There are so many misconceptions about open source software. For example one fallacy is that open source means free software. A bigger misconception is that all open source is, in fact, really open. These misconceptions can drive poor decisions and expose companies to risks.
Open source software should mean software that is created and evolved by a community. The source code should be available for inspection, forking (the creation of another path based on the code at a point in time), modification, and use. There’s nothing wrong with open source that’s managed through a license. Like fences, license help set social boundaries. And as it is with a fence though the goal of the license should be the betterment of a community and not a single entity.
That brings us to the big problem with much of what passes for open source. It has become fashionable for companies to “open source” their code without really making it open. The company maintains full copyright and the future of the code base is governed by the company exclusively. The advantage is completely with the company releasing the code because they maintain the right to change the license and direct the evolution of the code. Meanwhile, legions of programmers test the code and develop features for free. Features that may not stay open if the license says so.
While technically open source, these type of projects are not open governance. Open governance requires a non-partisan controlling body such as not-for-profit foundation or industry group. This is the Apache model. The board of such as group, not a single company, makes decisions about the software. The board should, in theory, represent a community. It is entirely possible that a not-for-profit foundation or industry group may be heavily influenced by a few larger donors. We all know that money talks. The influence though has to be indirect. Otherwise, an overly controlling donor would open themselves to the derision of the IT community. That’s the same community that they want to sell products to…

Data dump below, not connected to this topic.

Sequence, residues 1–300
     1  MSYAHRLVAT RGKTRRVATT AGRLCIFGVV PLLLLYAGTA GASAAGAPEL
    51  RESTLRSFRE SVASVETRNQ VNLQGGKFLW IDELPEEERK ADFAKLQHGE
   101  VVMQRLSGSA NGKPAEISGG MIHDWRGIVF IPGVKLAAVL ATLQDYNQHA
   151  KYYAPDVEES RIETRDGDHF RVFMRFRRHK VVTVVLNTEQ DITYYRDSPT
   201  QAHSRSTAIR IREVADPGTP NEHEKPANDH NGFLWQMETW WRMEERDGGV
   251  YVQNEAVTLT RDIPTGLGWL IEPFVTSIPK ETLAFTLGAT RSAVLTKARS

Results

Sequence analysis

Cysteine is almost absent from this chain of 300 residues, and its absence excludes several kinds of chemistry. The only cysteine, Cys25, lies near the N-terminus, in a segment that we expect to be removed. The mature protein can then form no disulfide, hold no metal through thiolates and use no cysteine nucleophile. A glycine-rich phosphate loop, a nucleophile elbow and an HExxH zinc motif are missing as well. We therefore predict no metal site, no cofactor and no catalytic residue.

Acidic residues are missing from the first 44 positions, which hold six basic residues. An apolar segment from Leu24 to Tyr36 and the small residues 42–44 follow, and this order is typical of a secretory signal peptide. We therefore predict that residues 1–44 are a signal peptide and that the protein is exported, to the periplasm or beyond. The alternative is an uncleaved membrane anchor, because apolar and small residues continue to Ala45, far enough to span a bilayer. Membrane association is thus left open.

I don’t object to closed software. If a company chooses to protect its intellectual property by using a closed copyright and trade secrets model, that’s their choice. Much of the time that is a good choice. What I object to is calling something “open” when it actually is not.
Without open governance – that is without the control of the license in the hands of a group that represents the community – then releasing the software as open source is just aform of a defensive disclosure. With the source in the wild, someone else will have a harder time filing a patent that might cover some aspect of the software. Meanwhile lots of developers are finding bugs and creating features while the company maintains complete control over the license. Ultimately, the community is not in the driver’s seat and is at risk to unilateral changes in the license. That’s not open
Open source is not really open unless there is open governance. The risk is much lower with open governance than many other open source situations. For an IT manager looking at open source software, consider who actually controls the code before making decisions about using the software.